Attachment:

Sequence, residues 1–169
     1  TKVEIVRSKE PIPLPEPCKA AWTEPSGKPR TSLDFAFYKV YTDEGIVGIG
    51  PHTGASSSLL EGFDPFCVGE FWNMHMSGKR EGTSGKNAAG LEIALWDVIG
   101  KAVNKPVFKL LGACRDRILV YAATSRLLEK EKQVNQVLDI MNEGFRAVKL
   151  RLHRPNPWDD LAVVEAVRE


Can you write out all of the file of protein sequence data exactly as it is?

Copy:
Sequence, residues 1–169
     1  TKVEIVRSKE PIPLPEPCKA AWTEPSGKPR TSLDFAFYKV YTDEGIVGIG
    51  PHTGASSSLL EGFDPFCVGE FWNMHMSGKR EGTSGKNAAG LEIALWDVIG
   101  KAVNKPVFKL LGACRDRILV YAATSRLLEK EKQVNQVLDI MNEGFRAVKL
   151  RLHRPNPWDD LAVVEAVRE